The Olympics have a very long history. They began in 776 B.C., and took place for nearly 1,200 years at Olympia, Greece. The citizens of all the Greek states were invited to take part in the games. The prizes were wreaths made of branches of olive trees. Ancient Olympic Games were a great athletic festival and included many different kinds of sports: running, boxing, discus throwing, wrestling, the pentathlon (five different sports) and others. In 394 A.D. the games were stopped by the Roman Emperor Theodosius.
In 1894, a Frenchman, Baron Pierre de Coubertin, managed to persuade people from fifteen countries to start the Olympic Games again. The International Olympic Committee was set up in 1894, and the first of the modern series of the Games took place in Athens two years later, in 1896. There were competitions in many kinds of sports: running, jumping, boxing. All the nations of the world were invited to send their athletic teams. From then on the Olympic Games have been international and the number of events on the programme have increased.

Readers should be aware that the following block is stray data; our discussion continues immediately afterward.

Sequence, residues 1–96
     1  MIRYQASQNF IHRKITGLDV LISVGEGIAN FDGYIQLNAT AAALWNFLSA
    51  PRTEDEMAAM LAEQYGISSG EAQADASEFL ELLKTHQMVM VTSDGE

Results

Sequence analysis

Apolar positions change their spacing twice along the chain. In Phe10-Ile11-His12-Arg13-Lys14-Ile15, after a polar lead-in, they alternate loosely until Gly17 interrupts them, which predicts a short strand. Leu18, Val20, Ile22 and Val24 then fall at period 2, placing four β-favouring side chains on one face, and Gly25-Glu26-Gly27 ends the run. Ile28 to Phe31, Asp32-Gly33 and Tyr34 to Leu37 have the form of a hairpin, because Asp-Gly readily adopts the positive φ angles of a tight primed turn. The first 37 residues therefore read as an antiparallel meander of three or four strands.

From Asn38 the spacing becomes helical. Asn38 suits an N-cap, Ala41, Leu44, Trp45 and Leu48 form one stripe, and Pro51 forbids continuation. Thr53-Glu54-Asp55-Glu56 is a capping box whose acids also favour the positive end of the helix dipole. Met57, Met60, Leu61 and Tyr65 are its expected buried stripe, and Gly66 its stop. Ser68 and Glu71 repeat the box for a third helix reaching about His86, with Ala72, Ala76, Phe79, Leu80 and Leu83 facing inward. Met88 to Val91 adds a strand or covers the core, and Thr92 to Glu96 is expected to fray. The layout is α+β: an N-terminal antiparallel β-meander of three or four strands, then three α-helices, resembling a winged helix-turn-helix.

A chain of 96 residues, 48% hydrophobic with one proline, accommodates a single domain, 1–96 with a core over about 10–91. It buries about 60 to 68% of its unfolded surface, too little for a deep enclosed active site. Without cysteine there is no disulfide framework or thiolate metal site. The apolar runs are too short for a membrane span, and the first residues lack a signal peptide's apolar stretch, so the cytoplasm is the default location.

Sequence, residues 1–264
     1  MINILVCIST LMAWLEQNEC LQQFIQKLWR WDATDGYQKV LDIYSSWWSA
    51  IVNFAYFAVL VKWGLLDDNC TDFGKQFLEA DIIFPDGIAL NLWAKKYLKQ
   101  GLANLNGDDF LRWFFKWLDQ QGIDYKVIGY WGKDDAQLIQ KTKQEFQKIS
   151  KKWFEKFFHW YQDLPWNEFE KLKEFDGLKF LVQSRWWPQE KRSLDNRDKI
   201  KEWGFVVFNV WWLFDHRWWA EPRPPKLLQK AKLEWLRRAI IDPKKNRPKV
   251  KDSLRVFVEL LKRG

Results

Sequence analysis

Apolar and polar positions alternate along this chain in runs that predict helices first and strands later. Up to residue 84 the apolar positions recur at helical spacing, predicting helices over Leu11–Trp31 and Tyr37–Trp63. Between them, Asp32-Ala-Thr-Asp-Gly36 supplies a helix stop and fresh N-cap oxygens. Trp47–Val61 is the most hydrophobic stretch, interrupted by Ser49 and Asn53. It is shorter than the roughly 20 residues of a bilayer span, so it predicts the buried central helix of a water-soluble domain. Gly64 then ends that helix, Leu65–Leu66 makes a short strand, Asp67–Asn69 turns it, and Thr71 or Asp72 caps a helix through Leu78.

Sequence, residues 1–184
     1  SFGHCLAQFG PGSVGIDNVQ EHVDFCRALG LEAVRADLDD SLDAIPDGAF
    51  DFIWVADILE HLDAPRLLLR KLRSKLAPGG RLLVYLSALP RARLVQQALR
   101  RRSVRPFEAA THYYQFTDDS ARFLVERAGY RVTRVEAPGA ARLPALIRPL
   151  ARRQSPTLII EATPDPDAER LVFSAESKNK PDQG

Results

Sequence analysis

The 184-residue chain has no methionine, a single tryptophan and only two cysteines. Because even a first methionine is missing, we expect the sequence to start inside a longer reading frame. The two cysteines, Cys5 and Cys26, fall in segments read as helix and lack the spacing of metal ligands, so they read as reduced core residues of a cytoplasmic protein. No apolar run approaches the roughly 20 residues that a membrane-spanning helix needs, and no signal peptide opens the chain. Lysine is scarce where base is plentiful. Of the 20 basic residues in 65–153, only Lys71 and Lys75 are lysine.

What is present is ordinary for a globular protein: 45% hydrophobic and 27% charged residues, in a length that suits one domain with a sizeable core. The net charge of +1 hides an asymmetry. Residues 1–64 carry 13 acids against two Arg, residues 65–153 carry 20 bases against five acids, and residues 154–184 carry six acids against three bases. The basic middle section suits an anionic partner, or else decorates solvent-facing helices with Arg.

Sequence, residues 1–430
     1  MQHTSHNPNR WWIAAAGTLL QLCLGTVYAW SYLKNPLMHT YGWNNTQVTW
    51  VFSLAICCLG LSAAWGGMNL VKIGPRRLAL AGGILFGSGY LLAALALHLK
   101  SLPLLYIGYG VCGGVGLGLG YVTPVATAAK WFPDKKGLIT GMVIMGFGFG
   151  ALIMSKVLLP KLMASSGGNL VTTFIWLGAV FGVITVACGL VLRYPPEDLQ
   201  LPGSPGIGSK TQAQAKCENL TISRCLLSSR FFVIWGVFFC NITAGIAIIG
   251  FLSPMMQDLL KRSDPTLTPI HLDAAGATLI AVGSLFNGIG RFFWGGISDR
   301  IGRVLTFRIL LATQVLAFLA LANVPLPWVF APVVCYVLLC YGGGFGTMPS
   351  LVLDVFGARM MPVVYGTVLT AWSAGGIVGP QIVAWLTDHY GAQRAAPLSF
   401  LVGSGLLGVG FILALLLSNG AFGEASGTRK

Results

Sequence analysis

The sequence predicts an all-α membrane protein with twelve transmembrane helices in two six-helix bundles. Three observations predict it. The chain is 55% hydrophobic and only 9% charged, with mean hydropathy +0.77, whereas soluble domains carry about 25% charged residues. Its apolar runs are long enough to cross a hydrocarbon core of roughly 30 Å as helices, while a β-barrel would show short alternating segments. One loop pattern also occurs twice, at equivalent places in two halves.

In these games only amateurs, or non-professional athletes can take part. Each country sends teams for as many different events as possible. The winners of each event are given a certain number of points. The International Olympic Committee decides where each Olympics will take place. They ask a city (not a country) to be the host.
The Olympic Games are attended by thousands and thousands of people every time they are held. They provide an opportunity for lovers of sports of all nations to meet together.